The anterior approach for dorsal and lumbar fractures enables direct, under-vision satisfactory decompression of the neural tissue, facilitating improvement in the neurological functions of the patients. It also helps to correct the instability of the fractured vertebral column by both internal metallic fixation for temporary stability and bone grafting with a high percentage of bony fusion to achieve permanent stability.


  Acknowledgements Top


Conflicts of interest

None declared.

 
  References Top

1.Allain J. Anterior spine surgery in recent thoracolumbar fractures: an update. Orthop Traumatol Surg Res 2011; 97 :541-554.  Back to cited text no. 1
    
2. Sundaresan N, Boriani S, Rothman A, et al. Tumors of the osseous spine. J Neurooncol 2004; 69 :273-290.  Back to cited text no. 2
    
3. American Spinal Injury Association. Standards for neurological classification of SCI worksheet, 2006. Available at: http://asia-spinalinjury.org/elearning/ISNCSCI.php  Back to cited text no. 3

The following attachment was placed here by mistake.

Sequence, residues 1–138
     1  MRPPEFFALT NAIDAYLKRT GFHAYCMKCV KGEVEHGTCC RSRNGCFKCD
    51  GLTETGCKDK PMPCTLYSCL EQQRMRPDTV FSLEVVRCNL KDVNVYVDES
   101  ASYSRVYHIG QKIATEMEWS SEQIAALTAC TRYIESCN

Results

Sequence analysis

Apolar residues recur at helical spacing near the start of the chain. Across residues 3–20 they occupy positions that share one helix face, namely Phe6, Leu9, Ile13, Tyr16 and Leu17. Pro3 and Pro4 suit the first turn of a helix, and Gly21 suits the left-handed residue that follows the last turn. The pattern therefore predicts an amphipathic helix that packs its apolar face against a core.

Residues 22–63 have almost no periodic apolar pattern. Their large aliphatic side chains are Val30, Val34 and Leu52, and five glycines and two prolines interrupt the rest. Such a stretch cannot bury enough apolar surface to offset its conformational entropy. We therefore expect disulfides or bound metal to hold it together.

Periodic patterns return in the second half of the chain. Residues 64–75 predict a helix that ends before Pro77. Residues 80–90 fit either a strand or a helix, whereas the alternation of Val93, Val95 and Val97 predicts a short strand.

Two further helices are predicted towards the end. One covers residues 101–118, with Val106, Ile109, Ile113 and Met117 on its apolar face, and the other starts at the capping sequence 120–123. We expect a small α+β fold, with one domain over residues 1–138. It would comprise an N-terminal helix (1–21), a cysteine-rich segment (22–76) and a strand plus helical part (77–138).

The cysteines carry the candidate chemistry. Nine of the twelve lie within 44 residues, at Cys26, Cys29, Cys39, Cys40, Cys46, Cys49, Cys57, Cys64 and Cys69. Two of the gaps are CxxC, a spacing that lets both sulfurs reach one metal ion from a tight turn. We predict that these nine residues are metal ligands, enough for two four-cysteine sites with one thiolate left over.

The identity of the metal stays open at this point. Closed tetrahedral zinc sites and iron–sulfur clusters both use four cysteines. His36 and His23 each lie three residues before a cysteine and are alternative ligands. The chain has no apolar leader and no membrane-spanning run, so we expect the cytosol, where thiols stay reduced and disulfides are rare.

4. Wewers ME, Lowe NK. A critical review of visual analogue scales in the measurement of clinical phenomena. Res Nurs Health 1990; 13 :227-236.  Back to cited text no. 4
    
5. Brantigan JW, Steffee AD. A carbon fiber implant to aid interbody lumbar fusion. Two-year clinical results in the first 26 patients. Spine (Phila Pa 1976) 1993; 18 :2106-2117.  Back to cited text no. 5
    
6. Dini LI, Saraiva GA, Isolan G, et al. Anterior thoracic and lumbar spine arthrodesis: a series of 23 consecutive cases and review of operative technique. Coluna/Columna 2006; 5 :90-98.  Back to cited text no. 6